June 23, 2011
By Allan Stevo
The story goes like this and it’s a story that no Slovak has ever told me. A young man, a Hungarian Jew, sometime after his birth in 1910 moved with his family to Bratislava from Budapest. He lived in the Vydrica neighborhood below the castle, formerly the Jewish ghetto of Bratislava.
From time to time in the pre-WWII period Hlinka Guard members, members of Rodobrana, or other ruffians would come into the neighborhood looking to heckle and beat up the local Jewish kids. In response this young man, a boxer by training, started teaching the neighborhood kids how to box, adapting the technique in a way that made it more effective for the street. No rules. No holds barred. Hit hard. Hit first. Fight dirty. Fight quickly. Use anything at your disposal to temporarily incapacitate the guy giving you trouble. Then get out of there as fast as you can. He taught them a fighting style that would get them out of a bad situation in under 10 seconds and back on their way to wherever it was that they were going.
The self-defense style continues to be taught today and teaches principles like “Don’t get hurt,” “Don’t be macho,” and when you see a weapon that you can’t deal with “RUN!” If you see an attacker coming with a weapon from a distance, maintain that distance. Hand-to-hand combat is a last option and when it happens it is intended to be as quick as possible. Strike first, with quick, repeated blows, ideally targeted at sensitive parts of the body to be most effective.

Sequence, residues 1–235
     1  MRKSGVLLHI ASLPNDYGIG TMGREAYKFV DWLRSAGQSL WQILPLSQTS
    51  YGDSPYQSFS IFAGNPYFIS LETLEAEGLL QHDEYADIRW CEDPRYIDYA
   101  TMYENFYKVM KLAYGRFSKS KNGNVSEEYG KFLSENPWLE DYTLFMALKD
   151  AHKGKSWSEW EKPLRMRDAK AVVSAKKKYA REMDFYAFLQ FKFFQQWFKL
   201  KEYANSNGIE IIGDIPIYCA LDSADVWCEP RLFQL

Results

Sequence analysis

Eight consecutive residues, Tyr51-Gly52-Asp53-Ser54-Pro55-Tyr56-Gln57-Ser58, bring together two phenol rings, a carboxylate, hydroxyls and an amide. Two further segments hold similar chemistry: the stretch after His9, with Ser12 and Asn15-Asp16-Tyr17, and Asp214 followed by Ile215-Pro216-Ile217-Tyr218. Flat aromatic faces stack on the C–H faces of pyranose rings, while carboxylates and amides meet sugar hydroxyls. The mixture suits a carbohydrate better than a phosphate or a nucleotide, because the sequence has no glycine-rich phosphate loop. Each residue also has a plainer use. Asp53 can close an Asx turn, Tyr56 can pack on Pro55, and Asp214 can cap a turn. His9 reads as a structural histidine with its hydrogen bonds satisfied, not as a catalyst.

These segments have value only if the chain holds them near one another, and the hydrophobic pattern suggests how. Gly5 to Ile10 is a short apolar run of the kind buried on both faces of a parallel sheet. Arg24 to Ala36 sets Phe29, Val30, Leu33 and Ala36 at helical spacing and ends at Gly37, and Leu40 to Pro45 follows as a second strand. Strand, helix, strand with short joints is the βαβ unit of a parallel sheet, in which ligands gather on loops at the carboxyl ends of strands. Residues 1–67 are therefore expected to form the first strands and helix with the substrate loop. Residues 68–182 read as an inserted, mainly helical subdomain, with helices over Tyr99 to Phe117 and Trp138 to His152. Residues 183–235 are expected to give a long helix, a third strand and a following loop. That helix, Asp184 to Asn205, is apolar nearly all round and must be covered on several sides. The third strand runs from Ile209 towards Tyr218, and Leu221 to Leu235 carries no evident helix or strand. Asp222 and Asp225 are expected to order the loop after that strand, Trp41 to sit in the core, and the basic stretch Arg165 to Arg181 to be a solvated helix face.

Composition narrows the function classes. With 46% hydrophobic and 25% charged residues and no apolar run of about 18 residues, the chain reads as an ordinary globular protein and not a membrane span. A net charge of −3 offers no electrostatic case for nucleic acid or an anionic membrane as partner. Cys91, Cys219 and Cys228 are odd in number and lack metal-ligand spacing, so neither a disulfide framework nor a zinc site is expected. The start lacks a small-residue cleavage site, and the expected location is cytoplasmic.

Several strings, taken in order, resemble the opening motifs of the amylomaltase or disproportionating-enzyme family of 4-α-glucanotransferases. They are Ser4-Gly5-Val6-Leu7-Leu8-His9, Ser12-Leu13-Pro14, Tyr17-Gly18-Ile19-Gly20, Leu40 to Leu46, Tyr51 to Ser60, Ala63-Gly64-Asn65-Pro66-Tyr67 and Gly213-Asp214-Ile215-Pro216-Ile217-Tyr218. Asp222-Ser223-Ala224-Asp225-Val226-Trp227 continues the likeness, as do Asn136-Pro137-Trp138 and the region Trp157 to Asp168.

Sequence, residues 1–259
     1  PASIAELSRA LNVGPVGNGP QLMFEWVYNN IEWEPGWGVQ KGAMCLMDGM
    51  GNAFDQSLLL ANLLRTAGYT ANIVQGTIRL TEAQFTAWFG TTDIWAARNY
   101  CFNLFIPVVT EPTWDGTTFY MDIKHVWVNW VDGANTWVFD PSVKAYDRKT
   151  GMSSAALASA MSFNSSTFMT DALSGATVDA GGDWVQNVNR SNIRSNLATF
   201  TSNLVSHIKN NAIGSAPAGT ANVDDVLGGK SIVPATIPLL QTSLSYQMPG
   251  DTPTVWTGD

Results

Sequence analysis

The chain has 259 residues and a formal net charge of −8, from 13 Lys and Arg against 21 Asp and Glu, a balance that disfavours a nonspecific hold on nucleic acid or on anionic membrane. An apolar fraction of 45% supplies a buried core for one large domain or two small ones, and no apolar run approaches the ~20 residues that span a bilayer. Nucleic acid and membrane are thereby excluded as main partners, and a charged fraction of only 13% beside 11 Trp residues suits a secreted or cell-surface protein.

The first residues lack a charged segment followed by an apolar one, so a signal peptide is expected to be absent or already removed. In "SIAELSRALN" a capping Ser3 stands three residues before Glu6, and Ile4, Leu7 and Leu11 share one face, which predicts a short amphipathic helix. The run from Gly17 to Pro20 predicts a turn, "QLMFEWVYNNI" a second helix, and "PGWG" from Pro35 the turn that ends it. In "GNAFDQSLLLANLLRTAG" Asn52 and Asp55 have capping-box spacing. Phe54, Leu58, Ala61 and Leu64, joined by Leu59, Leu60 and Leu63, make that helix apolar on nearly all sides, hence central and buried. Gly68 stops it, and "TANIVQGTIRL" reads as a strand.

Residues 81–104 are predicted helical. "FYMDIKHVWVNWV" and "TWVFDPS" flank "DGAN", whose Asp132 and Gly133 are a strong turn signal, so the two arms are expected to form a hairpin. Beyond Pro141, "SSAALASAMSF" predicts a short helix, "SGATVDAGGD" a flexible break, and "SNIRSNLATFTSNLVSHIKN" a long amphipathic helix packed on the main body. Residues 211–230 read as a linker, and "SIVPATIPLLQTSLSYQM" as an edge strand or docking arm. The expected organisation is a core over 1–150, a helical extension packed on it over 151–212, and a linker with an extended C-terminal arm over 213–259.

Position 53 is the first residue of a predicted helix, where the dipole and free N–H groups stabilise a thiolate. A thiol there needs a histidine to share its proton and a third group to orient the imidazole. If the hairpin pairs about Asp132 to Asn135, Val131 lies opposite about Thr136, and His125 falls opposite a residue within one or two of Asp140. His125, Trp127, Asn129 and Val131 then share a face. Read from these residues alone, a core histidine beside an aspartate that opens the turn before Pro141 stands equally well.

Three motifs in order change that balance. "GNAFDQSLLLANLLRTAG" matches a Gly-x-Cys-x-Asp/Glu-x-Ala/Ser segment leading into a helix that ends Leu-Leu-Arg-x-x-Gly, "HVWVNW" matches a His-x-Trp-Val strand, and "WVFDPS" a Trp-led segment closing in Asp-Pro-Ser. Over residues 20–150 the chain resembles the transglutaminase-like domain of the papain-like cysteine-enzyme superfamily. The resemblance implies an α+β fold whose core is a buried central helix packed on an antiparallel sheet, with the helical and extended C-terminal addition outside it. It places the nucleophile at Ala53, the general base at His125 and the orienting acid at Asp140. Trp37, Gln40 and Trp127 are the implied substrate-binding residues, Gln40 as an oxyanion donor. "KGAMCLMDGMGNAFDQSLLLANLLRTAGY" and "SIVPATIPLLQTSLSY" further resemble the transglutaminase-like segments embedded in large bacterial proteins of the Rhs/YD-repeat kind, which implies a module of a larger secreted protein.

In 1940, that young man, Imi Lichtenfeld, then aged 30, left Slovakia for Palestine, in a journey that would take him more than two years to complete. It ended up being quite the circuitous path. He and about 500 others left Bratislava, Slovakia, on a converted riverboat named Pentcho on May 18, 1940, (a trip that is chronicled in the book Odyssey by John Bierman, which you can buy used on Amazon for $4.oo ) that traveled down the Danube and into the Black Sea and then past Istanbul into the Aegean Sea before shipwrecking near Crete.
Lichtenfeld and a few others rowed away to seek help and were captured by chance by the British, who recruited Lichtenfeld to fight for the Czechoslovak Legions under the British flag in North Africa. The rest of the boat was found by an Italian ship and were placed in the Italian internment camp Ferramonti di Tarsia. Some two years after the journey had begun, Imi Lichtenfeld, who would come to be known by Imi Sde-Or, a Hebrew “translation” or calque of his German name Lichtenfeld, literally “light field,” finally arrived in Palestine.
He brought his Bratislava-developed and now battle-tested quick and dirty street fighting style of self defense with him and continued teaching others how to use it. It became known as Krav Maga and grew into the preferred hand-to-hand combat technique of the fighting force that would come to be known as the Israeli Defense Force and the Israeli Occupation Force as well as the law enforcement and fighting forces of other government organizations around the world. Today it is common for an Israeli citizen to have studied at least basic aspects of Lichtenfeld’s technique.